The previous report suggests that the bactericidal effects of the silver ion involved interaction of silver ion with the cytoplasm in the interior of the cell using EFTEM [13, 15]. Initially, the silver ions appear to penetrate through ion channels without causing damage to the cell membranes. Once inside the cells, great affinity to bind with proteins and small size of silver ion lead it to attach and penetrate the bacterial cells that resulted in morphological distortion, particularly formation of a large gap between the cytoplasm membrane and the cell wall. Silver is a kind of heavy metal that can cause the deposition of proteins in the cells. Therefore, the entrance of silver into bacterial cells may lead to the deposition of proteins in cells.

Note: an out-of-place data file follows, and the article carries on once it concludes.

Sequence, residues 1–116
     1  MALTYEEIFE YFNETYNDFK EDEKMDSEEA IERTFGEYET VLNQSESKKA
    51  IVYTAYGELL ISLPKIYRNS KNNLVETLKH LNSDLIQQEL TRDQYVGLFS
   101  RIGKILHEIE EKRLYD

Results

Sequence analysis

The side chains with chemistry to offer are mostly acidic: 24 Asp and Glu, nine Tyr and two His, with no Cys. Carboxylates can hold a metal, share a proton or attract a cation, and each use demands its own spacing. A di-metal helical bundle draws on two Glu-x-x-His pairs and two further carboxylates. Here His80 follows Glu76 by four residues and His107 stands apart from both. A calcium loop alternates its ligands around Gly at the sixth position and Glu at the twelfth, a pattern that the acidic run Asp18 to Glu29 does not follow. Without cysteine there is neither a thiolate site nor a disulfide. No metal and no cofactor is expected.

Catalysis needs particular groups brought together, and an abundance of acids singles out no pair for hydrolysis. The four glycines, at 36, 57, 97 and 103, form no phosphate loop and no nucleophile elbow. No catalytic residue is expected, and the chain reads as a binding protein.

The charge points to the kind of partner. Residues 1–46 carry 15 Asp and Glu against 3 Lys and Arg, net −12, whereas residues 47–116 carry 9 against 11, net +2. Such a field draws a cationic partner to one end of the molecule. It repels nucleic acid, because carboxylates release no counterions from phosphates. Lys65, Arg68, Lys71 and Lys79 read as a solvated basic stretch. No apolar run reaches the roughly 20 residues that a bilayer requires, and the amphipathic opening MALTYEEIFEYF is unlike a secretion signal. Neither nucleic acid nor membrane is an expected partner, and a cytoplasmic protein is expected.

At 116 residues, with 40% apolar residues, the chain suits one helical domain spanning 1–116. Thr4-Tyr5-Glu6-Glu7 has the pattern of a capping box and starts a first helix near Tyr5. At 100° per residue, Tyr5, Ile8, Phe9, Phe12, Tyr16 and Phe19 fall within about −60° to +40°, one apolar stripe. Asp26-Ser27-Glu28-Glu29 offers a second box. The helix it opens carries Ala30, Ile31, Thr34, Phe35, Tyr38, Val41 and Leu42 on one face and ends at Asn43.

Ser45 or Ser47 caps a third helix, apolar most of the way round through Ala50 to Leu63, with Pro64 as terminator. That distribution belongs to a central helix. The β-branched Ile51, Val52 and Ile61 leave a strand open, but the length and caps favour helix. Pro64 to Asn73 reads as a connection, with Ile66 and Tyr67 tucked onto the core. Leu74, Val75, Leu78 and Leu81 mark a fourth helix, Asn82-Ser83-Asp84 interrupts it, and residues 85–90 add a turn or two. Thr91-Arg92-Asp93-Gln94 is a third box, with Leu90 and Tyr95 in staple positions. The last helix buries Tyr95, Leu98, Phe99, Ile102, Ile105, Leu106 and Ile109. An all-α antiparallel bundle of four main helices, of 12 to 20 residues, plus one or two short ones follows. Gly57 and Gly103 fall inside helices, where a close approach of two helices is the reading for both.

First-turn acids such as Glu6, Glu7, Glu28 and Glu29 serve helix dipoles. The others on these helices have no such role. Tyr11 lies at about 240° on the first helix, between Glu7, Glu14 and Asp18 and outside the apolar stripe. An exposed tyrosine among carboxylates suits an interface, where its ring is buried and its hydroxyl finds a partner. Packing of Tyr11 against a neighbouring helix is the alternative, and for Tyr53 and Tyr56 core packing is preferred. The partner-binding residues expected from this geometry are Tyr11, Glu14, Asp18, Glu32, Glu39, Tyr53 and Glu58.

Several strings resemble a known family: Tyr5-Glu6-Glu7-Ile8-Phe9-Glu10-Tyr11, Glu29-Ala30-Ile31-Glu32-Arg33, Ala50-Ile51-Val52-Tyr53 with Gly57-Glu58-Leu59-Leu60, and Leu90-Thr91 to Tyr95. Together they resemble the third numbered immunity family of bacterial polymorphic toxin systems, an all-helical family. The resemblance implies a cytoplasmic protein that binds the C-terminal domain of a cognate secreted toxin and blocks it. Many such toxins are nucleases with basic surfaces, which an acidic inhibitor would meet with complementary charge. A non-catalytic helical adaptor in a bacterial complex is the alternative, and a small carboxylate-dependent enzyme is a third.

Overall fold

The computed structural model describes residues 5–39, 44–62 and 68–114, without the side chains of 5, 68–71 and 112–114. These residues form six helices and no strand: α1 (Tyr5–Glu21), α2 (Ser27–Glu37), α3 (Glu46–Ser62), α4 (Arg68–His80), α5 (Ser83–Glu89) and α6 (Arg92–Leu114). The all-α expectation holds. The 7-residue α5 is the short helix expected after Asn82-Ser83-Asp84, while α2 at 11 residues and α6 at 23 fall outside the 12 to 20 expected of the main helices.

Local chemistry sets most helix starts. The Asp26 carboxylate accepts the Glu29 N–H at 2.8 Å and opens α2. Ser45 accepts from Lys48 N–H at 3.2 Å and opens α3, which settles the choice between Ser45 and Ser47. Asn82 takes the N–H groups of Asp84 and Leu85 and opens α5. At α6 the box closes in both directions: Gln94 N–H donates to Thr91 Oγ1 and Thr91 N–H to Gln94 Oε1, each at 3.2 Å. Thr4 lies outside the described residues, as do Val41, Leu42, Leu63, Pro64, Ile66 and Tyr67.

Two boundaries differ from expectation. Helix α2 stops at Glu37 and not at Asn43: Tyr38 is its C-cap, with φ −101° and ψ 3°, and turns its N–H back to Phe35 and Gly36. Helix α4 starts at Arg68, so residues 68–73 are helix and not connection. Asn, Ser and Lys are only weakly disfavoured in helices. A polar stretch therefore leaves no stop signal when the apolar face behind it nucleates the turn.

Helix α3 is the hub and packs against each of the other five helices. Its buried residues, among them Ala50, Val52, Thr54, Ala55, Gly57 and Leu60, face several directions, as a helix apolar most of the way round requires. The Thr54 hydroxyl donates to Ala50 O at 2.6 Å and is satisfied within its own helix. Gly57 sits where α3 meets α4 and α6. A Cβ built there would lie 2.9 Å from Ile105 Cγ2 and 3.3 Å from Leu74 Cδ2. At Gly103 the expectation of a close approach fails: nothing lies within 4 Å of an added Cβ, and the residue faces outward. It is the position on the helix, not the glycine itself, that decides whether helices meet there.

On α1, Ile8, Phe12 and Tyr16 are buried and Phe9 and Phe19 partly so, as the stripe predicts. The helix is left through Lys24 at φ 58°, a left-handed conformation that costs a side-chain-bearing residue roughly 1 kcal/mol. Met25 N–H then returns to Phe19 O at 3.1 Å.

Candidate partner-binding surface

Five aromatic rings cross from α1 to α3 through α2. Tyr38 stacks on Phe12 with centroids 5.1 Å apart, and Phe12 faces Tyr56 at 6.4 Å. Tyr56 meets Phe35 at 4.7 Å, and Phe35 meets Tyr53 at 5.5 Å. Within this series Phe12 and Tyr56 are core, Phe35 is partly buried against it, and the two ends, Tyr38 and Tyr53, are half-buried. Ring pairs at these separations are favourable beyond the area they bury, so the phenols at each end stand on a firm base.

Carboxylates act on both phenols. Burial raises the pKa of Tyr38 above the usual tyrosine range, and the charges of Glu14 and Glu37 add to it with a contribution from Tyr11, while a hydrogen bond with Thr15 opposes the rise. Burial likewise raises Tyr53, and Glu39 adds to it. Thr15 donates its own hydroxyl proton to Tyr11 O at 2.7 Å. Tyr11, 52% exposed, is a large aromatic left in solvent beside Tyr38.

In this study, we observed that silver ions can depress the activity of cytosolic proteins essential for glycolysis, the synthesis of amino acids, purines, pyrimidines, and nucleotides. Proteomic analysis of the silver-treated bacteria revealed decreased expression of enzymes involved in glycolysis (phosphoglucomutase, fructose-1-phosphate kinase, alpha-galactosidase, and alcohol dehydrogenase); the synthesis of amino acids, purines, pyrimidines, and nucleotides (putative carbamoyl transferase, carbamate kinase, ornithine transcarbamoylase, and fumarate hydratase class II); and detoxification (alkyl hydroperoxide reductase C22 subunit). Since the glucose pathway and tricarboxylic acid (TCA) cycle play substantial roles in the ATP production in the electron transport chain, inhibition of these enzymes by silver ions can inhibit this process which is indispensable for maintaining cell life. Inhibition of the enzymes involved in amino acid, purine, pyrimidine, and nucleotide metabolism can affect cell growth, protein synthesis, and DNA expression. Inhibition of detoxifying proteins can expose the bacterial cell to auto-oxidation because of the continuous accumulation of oxidants. Energy deficiency, inhibition of protein expression, its depressed function, and higher oxidation pressure could lead to damage and the death of silver ion-treated bacteria. These processes seem to render the cell unable to sustain membrane structures and thus cause cell disruption.